The History of Animal Portraits

The dog selfies and funny cat videos clogging up your phone aren’t a modern phenomenon but a symptom of the human condition. We can’t help but capture the world around us, whether using cave paintings or iPhones. 

Throughout time animals have appeared as subject matter in paintings, sculptures and prints. The oldest paintings of animals date back to around 19 thousand years ago, when over 600 paintings were found in Lascaux, Southern Frances, located deep inside caves. So the dog selfies and funny cat videos clogging up your phone aren’t a modern phenomenon but a symptom of the human condition. We can’t help but capture the world around us, whether using cave paintings or iPhones. 

However, in the time between cave paintings and Bored Ape Yacht Club, animals' place in the world has changed a lot. Ancient peoples connection to animals was paramount providing food, clothing, tools, shelter etc as well as predators providing competition and danger. Today our relationship with animals is divided and often heavily influenced by culture, however the general theme the world over is that we praise and cherish some animals whilst farming and slaughtering others. Art is the perfect conduit with which to learn about the perceptions, treatment and importance of animals throughout history.

Animals are the bridge between the raw forces of nature and the sentient human experience. We too are animals and are both aware of, and try to escape our animalistic tendencies. Therefore animals have been a source of inspiration for artists time immemorial. 

Animals as Symbols 

Due to our relationship and history with them, animals have become symbolic; all cultures throughout history have regarded specific animals as representing power and wisdom, to be respected or feared, with supernatural counterparts and even gods. 

Lots of the characteristics we associate with animals have been promoted by art through history: Snakes are sly, Lions are proud, Bulls are strong and Owls are wise. 

What animals represented was of great significance. Ermines (White Minks) were once a symbol of purity and chastity, whilst portraits of brides holding them were believed to bring good luck with fertility and given as gifts. Birds often had links to souls and redemption. It was believed that a robin gained its red breast when a drop of Christ's blood fell onto the bird as it plucked a thorn from his head to ease his suffering. Caged birds were often used as a metaphor for the soul caged in the mortal body.

The symbolism of animals can be so layered and varied we even wrote a blog just about the symbolism of butterflies and moths throughout art history.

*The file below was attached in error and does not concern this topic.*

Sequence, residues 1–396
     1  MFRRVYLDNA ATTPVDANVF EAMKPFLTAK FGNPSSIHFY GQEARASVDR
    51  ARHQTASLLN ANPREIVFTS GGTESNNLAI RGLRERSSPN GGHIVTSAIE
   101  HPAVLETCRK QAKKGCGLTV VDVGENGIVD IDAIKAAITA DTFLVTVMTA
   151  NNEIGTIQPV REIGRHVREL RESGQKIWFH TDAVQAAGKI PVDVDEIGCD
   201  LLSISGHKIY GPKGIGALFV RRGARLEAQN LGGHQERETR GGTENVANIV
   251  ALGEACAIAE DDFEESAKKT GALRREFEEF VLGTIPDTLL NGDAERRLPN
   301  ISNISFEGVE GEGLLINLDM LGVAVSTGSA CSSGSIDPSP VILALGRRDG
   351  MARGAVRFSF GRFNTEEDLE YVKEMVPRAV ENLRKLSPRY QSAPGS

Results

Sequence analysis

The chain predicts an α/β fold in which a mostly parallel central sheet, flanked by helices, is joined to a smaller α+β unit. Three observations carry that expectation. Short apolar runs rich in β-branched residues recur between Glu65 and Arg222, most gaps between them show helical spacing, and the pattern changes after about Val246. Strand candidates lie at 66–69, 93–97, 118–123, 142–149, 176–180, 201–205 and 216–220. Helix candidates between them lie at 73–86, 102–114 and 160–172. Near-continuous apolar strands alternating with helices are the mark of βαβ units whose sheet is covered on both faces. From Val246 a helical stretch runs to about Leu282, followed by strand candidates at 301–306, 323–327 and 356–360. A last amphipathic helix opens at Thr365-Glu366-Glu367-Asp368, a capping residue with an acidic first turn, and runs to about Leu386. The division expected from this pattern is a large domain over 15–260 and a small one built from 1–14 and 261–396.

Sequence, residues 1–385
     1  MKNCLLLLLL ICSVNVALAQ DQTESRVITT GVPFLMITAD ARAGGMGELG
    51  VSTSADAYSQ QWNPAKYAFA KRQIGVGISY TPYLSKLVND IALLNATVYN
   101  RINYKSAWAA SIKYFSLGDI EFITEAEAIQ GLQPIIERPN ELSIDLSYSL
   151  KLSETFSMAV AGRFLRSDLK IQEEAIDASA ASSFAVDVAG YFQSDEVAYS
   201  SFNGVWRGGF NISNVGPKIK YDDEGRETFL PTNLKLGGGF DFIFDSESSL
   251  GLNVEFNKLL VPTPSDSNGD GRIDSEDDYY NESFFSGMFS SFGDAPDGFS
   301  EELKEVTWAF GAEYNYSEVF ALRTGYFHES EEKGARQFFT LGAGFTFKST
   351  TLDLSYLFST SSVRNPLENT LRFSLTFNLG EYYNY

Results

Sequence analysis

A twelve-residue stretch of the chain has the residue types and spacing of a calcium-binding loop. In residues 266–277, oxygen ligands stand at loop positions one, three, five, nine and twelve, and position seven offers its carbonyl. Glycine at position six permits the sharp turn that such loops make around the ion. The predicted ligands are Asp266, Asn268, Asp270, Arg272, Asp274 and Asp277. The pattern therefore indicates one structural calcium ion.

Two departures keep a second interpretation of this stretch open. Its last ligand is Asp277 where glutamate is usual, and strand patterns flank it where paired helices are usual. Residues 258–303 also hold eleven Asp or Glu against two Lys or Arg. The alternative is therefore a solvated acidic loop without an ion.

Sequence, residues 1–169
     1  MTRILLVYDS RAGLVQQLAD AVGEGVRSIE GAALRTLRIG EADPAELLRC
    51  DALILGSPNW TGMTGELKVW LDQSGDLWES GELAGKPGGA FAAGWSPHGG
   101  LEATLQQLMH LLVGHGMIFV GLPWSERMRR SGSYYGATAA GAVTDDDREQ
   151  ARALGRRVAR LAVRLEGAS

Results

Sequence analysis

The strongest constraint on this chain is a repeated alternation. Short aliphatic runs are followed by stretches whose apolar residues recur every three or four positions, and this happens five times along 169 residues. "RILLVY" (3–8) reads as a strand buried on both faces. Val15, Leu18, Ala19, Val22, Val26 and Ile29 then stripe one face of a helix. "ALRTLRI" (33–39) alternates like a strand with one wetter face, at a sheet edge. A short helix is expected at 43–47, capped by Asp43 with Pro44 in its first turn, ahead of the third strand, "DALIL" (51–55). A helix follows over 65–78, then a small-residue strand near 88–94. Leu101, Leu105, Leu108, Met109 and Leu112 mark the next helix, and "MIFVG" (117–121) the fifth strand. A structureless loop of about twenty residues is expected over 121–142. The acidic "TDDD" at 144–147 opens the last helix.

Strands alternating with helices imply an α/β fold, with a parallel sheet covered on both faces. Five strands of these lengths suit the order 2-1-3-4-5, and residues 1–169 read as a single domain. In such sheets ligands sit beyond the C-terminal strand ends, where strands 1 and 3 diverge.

Pet Portraits 

So, what about the paintings of animals without the symbolism? Animals that don’t signify much more than their owners love for them? This tends to arise when humans had not only domesticated animals but began to keep them solely for their companionship and affection. This is believed to have begun during the Renaissance, after pressure from the church against animal keeping for its pagan connotations was relaxed. Royalty and the upper-class often kept pets for nothing other than companionship, and these aristocrats would often commission portraits of their most cherished animals.

By the Victoria era this was considered common practice and pets would be regularly photographed and seen as members of the family. The oldest example of this was a dog mosaic found in the House of the Tragic Poet, in Pompeii; perhaps we’ve been capturing our furry friends' likeness for longer than we think.

Contemporary animal portraits 

While the practice of pet portraits may have increased dramatically through the years it has subsequently fallen from its place in ‘High Art’ due to the ubiquity of cameras and lower prices for commissioned paintings.

More recently we’ve seen the use of animals as symbols in modern art; Picasso’s obsession with bulls and Hirst’s use of real animals is a prime example of this. However, artists like Justin Coburn carry the torch for more traditional expressions of animal motifs, widely known for his emotive and romantic representations of animals, Coburn’s graceful and almost intangible portraits of animals harkens back to a time of paramount religious connotation and begs question on man’s relationship with nature. It seems as long as art exists, humans will always be using it to explore the connection between man and beast.

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